“Unfortunately, what is happening is that on days like New Years, Brigade Road, Commercial Street, or MG road, a large number of youngsters gather. And youngsters were almost like Westerners. They tried to copy the Westerners, not only in their mindset but even in their dressing. So some disturbance, some girls are harassed...these kind of things do happen.”
The ex-Home Minister of Karnataka (2015-2017) seems to be on the same deluded wave length as Azmi on this incident, highlighting the ‘western’ nature of the women’s attire and the adoption of ‘western culture’ that has driven these women to be out in the streets, so of course, such things can happen from time to time.
III. Abu Azmi, Samajwadi Party, on the need to punish women having sex outside of marriage – be it rape or consensual, 2014.
“Rape is punishable by hanging in Islam. But here, nothing happens to women, only to men. Even the woman is guilty...Solution is this: any woman if, whether married or unmarried, goes along with a man, with or without her consent, should be hanged. Both should be hanged. It shouldn’t be allowed even if a woman goes by consent.”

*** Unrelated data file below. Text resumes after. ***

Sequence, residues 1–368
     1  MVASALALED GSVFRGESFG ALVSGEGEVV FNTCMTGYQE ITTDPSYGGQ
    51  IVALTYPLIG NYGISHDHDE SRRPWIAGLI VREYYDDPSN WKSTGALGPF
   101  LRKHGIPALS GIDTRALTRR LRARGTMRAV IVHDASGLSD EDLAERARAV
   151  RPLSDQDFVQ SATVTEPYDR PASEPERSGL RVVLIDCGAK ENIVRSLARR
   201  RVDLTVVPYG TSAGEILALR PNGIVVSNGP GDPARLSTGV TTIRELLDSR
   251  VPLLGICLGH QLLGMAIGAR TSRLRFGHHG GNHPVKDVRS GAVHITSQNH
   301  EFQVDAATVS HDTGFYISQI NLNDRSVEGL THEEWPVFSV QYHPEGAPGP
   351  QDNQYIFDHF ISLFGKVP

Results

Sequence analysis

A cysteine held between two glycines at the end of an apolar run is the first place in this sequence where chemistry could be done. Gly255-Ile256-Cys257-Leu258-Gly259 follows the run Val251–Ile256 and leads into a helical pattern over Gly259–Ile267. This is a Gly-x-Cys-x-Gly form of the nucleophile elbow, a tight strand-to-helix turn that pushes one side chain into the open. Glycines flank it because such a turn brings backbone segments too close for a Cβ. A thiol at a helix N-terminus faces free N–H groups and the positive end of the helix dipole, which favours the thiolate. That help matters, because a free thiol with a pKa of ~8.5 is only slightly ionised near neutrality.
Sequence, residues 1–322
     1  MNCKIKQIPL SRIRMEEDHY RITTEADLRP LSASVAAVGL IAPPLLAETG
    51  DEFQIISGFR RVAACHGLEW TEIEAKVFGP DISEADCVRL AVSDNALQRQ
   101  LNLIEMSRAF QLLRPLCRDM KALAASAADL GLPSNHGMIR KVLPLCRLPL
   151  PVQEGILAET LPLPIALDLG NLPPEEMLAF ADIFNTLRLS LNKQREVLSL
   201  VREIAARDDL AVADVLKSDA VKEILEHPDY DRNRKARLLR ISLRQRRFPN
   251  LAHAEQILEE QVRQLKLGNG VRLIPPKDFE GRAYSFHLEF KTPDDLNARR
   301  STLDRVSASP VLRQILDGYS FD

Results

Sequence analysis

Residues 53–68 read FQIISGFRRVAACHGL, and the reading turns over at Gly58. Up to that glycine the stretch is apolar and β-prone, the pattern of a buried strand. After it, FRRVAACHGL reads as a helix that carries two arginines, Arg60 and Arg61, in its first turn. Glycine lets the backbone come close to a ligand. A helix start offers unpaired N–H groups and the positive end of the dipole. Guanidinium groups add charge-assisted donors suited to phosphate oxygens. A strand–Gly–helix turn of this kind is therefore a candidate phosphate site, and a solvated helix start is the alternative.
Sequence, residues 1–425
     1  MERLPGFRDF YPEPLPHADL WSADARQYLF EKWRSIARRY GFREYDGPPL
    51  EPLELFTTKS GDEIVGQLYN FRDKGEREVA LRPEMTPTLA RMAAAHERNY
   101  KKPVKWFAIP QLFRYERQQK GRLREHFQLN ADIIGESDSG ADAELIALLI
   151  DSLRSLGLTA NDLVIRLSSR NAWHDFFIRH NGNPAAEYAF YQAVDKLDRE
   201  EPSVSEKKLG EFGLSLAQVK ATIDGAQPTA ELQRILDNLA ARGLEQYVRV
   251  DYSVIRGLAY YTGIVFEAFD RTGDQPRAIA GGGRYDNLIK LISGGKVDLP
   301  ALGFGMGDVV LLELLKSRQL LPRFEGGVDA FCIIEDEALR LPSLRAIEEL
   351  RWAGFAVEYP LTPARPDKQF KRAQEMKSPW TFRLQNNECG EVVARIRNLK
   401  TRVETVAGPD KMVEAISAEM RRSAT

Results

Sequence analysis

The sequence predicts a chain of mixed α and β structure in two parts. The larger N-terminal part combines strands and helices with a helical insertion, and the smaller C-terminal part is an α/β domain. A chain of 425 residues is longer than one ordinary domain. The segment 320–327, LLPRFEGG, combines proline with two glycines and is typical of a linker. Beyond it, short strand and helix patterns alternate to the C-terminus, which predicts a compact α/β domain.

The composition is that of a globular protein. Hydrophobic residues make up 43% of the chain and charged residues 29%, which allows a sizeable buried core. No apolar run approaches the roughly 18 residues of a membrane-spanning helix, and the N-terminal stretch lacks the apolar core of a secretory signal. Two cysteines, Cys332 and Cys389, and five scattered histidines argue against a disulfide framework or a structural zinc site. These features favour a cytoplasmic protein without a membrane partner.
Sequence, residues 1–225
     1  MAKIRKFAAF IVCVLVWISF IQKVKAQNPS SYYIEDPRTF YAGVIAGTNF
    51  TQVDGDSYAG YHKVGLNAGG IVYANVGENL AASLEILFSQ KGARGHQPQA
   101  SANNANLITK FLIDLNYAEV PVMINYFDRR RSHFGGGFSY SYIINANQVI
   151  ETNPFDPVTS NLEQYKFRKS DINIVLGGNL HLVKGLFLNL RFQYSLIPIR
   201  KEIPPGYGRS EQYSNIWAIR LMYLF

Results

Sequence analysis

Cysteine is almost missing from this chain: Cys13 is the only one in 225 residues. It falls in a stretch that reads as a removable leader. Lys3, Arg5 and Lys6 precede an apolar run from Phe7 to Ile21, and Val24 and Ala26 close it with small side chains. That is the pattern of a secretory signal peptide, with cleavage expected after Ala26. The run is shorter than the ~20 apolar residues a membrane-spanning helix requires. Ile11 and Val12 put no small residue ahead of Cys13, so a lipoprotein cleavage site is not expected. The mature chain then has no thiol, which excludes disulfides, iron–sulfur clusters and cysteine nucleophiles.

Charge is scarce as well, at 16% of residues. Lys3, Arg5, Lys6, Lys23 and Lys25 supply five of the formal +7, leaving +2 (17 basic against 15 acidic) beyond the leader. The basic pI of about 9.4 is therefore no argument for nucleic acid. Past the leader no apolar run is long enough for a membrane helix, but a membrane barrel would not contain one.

Azmi’s comments came in a 2014 interview with Mid-Day, and it wasn’t a one-off incident as he has time and again showcased his sexist nature.
IV. Asha Mirje, Indian National Congress, alleges that Nirbhaya (and other victims) is to be blamed her rape, 2014.
“Did Nirbhaya really have to go to watch a movie at 11 in the night with her friend? Take the Shakti Mills gang-rape case. Why did the victim go to such an isolated spot at 6 pm? We have to be careful. We have to ask ourselves, where am I going, with whom am I going, what am I going for, do I really need to go to that place.”